Aspect ratios explained
- Tue, 18 May 2010
An aspect ratio is the width of an image to its height. Below we list the most common aspect ratios used in digital photography and what they refer to.
4:3 - The standard aspect ratio used in digital compact cameras, and Four Thirds cameras. This results in a slightly squarer image than that from most DSLRs; for this reason, it is best to print on a size matching the ratio, such as 8x6in. For print sizes such as A4 you'll have to crop the image, or trim the print.
3:2 - Most DSLRs, and some high-end compacts such as Sigma's DP range and some models from Ricoh's GX series, produce 3:2 ratio images as standard. This is the same aspect ratio as a frame of 35mm fi lm, and fi ts onto standard 6x4in prints without any cropping.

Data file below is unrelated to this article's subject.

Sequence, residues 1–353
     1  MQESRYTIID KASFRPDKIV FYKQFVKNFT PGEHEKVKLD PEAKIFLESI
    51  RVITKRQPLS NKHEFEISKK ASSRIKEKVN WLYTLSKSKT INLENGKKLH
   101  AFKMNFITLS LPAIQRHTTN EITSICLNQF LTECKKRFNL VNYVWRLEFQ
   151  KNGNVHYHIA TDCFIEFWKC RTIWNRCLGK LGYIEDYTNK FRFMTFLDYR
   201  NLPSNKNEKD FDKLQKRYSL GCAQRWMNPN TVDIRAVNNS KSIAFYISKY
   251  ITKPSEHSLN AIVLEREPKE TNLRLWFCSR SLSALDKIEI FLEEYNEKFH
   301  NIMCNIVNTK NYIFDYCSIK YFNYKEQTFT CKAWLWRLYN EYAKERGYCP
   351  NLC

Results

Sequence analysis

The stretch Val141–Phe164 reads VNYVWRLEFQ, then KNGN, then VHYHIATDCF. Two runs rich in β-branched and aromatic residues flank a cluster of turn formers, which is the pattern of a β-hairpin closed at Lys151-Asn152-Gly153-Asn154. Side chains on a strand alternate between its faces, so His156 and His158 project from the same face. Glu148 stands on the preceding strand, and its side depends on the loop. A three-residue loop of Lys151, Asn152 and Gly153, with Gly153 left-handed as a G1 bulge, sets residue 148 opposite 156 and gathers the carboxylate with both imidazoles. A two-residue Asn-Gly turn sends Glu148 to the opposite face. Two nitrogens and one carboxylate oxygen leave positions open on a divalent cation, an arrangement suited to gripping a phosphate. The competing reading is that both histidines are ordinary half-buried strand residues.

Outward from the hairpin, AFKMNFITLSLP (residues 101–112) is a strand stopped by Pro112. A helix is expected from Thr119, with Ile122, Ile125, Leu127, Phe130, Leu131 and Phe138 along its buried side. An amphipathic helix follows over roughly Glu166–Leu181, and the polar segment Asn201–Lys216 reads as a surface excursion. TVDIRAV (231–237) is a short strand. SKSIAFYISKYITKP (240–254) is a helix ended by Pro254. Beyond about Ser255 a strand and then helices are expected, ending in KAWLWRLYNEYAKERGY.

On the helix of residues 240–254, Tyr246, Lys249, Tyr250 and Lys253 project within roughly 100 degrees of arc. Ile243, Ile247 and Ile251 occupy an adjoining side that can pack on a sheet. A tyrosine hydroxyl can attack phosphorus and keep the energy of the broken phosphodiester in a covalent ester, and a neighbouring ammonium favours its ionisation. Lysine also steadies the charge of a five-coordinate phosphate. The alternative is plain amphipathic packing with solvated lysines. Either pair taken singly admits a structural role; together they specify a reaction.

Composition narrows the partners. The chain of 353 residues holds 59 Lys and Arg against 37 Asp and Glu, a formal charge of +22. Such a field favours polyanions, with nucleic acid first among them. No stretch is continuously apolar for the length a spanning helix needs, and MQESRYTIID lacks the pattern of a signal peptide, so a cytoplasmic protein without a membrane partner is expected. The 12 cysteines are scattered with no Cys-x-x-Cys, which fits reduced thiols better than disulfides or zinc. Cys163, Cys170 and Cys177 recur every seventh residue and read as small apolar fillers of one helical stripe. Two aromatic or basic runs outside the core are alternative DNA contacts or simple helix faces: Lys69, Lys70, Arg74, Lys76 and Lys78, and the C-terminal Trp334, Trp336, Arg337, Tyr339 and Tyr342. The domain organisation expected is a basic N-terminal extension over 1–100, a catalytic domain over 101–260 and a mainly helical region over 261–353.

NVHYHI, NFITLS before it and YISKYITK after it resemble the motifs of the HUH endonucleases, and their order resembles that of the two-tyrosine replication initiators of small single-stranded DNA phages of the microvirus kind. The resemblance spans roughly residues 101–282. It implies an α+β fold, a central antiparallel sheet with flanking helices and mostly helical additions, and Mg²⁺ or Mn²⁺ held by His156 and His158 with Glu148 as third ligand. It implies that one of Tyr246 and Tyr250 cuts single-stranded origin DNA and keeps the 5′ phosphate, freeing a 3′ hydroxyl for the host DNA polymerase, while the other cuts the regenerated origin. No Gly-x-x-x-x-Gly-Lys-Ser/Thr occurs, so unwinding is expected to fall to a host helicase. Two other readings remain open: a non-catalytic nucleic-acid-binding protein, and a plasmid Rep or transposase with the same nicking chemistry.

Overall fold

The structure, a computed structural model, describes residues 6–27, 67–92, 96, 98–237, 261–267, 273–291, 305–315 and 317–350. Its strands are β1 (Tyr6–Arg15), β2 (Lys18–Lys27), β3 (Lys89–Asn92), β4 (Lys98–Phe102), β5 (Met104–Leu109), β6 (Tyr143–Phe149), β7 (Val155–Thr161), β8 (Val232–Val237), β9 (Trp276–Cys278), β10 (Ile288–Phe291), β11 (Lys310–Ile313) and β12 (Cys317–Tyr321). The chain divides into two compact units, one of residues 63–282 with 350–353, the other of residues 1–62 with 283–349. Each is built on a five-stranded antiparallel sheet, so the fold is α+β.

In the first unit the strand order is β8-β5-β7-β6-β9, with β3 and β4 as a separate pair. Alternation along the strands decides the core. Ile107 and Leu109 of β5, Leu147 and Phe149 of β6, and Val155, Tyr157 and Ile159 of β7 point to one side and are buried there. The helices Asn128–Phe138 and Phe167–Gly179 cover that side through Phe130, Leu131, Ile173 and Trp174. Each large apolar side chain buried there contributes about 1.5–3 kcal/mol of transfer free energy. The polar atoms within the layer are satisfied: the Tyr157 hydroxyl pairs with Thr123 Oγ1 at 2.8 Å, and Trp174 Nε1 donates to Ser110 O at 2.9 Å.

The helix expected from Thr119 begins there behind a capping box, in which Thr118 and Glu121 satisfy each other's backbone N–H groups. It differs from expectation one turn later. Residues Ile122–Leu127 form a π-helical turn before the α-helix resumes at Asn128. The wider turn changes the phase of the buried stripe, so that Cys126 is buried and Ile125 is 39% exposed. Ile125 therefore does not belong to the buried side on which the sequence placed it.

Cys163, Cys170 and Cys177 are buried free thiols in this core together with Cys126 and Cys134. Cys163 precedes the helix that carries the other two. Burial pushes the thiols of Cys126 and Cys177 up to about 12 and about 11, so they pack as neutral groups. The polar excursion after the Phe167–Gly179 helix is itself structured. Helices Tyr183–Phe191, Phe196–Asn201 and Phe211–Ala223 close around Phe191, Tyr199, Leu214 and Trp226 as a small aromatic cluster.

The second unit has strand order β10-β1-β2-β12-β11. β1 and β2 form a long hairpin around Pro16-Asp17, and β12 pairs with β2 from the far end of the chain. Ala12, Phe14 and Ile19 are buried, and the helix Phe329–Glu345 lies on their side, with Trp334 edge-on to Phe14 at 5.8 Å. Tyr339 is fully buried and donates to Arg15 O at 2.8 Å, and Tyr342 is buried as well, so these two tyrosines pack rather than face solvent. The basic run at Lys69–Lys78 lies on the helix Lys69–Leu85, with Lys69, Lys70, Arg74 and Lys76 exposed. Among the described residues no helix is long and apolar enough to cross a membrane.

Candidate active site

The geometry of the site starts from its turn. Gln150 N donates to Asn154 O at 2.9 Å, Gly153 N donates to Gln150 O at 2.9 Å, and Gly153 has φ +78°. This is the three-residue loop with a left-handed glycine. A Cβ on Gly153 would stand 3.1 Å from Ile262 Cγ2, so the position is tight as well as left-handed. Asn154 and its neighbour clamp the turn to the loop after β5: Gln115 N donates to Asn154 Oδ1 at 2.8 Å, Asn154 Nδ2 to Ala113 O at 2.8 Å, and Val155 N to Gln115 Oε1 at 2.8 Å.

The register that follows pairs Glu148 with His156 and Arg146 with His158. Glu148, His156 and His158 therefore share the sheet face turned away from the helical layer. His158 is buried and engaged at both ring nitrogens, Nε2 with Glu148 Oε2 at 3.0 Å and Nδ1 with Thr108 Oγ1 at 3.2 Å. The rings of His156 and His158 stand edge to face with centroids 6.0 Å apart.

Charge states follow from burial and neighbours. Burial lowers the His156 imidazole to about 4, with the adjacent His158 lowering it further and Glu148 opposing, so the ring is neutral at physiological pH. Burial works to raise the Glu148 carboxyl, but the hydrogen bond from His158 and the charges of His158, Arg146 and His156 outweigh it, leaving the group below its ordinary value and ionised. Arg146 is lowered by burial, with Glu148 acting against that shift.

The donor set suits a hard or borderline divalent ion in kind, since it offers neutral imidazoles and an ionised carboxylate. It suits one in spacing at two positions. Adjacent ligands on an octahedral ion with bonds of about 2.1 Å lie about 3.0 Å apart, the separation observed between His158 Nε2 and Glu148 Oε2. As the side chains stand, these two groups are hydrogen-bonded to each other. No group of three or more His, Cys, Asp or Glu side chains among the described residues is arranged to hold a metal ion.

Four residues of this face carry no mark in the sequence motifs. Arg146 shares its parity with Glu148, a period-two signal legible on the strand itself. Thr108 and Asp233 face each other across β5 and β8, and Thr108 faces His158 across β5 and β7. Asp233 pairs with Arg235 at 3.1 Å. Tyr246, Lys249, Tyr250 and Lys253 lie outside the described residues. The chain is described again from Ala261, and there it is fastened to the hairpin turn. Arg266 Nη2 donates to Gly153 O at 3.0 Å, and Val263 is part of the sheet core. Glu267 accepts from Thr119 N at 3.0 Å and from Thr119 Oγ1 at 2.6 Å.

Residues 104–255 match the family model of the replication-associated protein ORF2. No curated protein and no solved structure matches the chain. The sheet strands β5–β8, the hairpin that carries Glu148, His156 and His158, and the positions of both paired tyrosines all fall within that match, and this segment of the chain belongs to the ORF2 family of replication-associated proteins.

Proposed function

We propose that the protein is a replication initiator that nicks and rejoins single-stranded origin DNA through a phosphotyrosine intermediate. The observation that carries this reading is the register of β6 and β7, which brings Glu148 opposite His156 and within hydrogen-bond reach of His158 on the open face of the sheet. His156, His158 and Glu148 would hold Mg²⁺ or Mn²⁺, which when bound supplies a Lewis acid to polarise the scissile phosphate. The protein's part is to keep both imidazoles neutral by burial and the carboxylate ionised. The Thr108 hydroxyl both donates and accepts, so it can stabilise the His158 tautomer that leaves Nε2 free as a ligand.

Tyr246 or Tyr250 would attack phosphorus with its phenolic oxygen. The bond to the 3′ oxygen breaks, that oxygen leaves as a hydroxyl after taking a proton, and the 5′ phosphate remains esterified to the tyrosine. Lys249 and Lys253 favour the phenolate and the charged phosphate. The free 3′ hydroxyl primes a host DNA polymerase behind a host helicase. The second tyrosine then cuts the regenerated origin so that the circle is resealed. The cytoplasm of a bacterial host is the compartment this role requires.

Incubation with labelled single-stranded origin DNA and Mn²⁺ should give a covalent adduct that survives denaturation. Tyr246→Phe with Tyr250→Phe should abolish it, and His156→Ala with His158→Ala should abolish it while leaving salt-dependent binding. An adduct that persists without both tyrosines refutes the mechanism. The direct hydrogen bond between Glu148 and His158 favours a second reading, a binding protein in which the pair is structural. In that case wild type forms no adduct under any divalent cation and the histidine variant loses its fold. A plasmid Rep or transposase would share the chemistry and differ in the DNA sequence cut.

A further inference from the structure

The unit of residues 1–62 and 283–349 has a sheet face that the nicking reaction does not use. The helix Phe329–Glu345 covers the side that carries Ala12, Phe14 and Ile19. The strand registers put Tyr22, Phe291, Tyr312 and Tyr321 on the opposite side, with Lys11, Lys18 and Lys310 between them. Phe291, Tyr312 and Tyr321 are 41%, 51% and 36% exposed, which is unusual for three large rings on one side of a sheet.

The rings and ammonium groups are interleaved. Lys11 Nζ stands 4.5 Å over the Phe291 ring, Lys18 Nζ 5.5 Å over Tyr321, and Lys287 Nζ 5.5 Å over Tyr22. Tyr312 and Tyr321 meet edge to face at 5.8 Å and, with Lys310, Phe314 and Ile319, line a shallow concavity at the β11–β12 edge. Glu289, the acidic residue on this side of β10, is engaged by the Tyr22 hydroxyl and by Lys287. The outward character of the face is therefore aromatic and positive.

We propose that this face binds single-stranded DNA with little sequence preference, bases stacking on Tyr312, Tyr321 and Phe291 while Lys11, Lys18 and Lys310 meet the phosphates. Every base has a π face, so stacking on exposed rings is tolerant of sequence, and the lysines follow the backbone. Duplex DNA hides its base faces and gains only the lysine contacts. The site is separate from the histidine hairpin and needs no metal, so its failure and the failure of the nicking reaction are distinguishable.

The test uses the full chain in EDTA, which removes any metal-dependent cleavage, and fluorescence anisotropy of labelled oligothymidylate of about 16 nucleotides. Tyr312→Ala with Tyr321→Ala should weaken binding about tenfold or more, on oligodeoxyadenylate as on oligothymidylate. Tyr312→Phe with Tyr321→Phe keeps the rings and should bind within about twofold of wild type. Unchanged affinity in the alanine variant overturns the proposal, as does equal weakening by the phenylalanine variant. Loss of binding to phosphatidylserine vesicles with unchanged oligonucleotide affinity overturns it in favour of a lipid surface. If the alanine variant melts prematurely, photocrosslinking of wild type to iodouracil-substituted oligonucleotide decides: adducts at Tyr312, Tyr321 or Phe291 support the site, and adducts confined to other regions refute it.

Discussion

16:9 - The format now commonly used for widescreen capture in both video and stills. Cameras offer a 16:9 ratio by shielding parts from the top and bottom of a sensor, which comes at the slight expense of total resolution as those sections no longer capture information. The exception to this is the first Panasonic LX series compacts, which, unusually, featured 16:9 sensors.
6:6 / 1:1 - The square format, reminiscent of medium format film and available as an option on some cameras.